Contemporary debates about immigration are not new to the United States. Debates about immigration in the United States have always been difficult and laced with social prejudice. Late 19th-century America faced immigration challenges with an influx of people from Asia and southern and eastern Europe.
Policymakers are finally warming to a reform that helps young people and that we now know the public supports: that the best thing for justice-involved youth is to get the help they need in their homes and communities, not through confinement.
An ACLU report finds the racial disparity is even worse in some counties.
As greater emphasis is being placed on the importance judicial discretion in sentencing, a new comprehensive study from the Bureau of Justice examining this practice has revealed some unintended and unsettling consequences.
Police officers in the U.S.A. are not better or worse than in Germany or Great Britain. What determines the conduct of an average police officer is the political and organizational climate in which they operate.
Just like immigration reform, mass incarceration and the need to change our criminal justice system are sparking another movement -- especially after the parable of Ferguson woke up the country.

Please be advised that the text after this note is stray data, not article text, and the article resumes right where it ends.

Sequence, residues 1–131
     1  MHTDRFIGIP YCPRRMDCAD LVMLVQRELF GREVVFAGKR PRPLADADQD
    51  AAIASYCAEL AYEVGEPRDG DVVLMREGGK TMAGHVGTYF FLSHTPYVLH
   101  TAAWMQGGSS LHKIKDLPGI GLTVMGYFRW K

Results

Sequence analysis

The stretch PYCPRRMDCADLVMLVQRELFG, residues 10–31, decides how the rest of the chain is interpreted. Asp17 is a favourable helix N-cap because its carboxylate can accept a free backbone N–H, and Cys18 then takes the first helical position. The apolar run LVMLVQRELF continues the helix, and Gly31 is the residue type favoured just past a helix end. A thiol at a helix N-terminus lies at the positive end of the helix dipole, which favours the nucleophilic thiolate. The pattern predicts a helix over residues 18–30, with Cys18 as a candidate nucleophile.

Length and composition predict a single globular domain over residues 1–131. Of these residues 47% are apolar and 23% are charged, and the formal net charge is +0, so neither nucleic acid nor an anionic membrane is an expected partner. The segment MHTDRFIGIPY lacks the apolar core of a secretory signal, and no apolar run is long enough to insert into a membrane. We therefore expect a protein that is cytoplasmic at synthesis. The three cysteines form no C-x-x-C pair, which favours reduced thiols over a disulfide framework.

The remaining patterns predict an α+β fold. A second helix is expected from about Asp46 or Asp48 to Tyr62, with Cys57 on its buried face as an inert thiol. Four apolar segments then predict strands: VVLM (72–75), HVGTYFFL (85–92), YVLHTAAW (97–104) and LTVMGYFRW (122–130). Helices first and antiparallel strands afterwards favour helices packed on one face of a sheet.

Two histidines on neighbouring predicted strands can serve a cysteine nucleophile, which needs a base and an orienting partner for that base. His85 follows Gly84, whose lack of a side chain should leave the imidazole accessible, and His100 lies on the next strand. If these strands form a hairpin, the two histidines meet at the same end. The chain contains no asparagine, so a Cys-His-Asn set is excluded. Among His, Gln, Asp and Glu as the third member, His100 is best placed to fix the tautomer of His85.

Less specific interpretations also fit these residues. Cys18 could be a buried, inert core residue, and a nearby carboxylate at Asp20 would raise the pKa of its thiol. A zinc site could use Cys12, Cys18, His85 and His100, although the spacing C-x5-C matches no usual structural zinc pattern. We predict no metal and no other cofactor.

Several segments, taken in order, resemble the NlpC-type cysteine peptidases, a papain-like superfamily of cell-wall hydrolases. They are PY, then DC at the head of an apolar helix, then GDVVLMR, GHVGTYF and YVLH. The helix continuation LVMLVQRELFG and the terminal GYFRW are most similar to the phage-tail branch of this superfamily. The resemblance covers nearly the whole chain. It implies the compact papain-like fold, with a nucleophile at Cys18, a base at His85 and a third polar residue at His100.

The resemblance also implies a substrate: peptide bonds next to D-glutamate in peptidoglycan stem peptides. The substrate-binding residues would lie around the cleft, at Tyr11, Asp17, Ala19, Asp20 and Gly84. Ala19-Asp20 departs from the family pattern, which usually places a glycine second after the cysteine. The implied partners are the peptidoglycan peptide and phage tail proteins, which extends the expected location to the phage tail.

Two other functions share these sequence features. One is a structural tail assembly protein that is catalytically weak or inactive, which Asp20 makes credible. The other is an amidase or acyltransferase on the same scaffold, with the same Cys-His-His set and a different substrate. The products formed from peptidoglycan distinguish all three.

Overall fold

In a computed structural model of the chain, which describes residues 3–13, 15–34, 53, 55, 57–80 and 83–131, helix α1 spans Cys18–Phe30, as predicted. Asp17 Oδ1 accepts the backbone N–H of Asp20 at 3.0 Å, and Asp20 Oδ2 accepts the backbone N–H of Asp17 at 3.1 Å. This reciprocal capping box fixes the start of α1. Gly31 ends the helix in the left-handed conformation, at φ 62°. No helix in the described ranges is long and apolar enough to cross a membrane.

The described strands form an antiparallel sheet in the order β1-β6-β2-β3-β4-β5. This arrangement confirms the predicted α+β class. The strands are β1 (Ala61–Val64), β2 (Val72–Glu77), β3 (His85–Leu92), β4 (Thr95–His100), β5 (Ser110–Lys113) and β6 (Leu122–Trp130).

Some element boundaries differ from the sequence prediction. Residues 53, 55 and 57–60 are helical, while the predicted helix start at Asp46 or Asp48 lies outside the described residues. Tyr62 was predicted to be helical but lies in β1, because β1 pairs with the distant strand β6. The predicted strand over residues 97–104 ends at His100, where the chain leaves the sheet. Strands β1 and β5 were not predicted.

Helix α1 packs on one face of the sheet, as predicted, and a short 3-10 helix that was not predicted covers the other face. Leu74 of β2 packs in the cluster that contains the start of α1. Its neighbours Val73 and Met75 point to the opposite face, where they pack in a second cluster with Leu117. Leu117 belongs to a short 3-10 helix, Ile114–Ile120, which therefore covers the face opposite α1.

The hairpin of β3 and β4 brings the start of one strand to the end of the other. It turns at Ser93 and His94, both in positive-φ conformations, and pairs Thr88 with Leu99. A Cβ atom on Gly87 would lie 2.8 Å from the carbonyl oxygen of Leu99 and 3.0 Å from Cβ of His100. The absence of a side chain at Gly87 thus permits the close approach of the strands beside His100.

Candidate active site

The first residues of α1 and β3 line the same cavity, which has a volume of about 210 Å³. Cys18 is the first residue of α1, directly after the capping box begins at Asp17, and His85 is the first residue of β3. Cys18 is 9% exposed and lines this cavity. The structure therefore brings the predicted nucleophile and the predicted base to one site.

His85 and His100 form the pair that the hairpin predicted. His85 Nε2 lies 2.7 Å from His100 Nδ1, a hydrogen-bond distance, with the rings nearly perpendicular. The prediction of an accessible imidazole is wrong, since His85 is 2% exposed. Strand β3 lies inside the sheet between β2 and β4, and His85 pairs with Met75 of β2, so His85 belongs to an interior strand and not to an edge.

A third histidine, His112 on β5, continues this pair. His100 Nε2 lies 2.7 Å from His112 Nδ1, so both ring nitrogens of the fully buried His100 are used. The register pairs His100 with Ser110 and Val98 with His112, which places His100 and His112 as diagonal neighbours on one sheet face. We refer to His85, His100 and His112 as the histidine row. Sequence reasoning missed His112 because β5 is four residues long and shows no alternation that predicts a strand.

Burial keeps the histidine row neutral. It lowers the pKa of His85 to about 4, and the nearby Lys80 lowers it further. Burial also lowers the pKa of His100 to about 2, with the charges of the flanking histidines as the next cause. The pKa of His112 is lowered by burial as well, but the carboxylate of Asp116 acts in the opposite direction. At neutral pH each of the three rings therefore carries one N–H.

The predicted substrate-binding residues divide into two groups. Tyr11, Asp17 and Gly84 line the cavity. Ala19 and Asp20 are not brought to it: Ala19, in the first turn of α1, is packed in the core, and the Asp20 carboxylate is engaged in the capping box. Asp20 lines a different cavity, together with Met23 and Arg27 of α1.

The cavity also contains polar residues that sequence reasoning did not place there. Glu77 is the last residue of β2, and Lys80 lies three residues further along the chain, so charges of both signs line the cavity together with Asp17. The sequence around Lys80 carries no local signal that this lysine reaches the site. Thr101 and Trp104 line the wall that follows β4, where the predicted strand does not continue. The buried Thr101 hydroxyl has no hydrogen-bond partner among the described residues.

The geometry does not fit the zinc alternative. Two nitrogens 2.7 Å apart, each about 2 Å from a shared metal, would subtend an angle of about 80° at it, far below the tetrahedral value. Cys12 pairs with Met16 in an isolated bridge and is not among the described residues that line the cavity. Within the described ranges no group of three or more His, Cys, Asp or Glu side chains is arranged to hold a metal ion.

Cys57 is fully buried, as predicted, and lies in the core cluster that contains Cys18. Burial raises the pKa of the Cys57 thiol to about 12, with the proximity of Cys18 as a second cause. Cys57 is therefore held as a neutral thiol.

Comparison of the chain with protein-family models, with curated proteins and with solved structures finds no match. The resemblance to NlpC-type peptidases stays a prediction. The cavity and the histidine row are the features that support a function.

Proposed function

In the spring of 1954, like so many Black families, mine waited anxiously for the Brown v. Board of Education Supreme Court decision. My father and I talked about it and what it would mean for my future and the future of millions of other Black children who were attending segregated but unequal Black schools. He died the week before Brown was decided. But I and many other children were able, in later years, to walk through the new and heavy doors that Brown slowly and painfully opened. Now, the most recent findings from the U.S. Department of Education's Civil Rights Data Collection, called the "richest, fullest" collection so far for measuring education access and equity in our nation's public schools, show many children are still receiving an unequal education. This is the unfinished work of the Civil Rights Movement.
The US Supreme Court, in a series of four recent cases, has underscored what every parent knows -- that children are developmentally less mature, and more capable of rehabilitation.
A study examining racial disparities reveals that people are more empathic to whites than blacks, especially when it comes to medical treatment for pain. How do we close this gap if most fail to realize that it exist?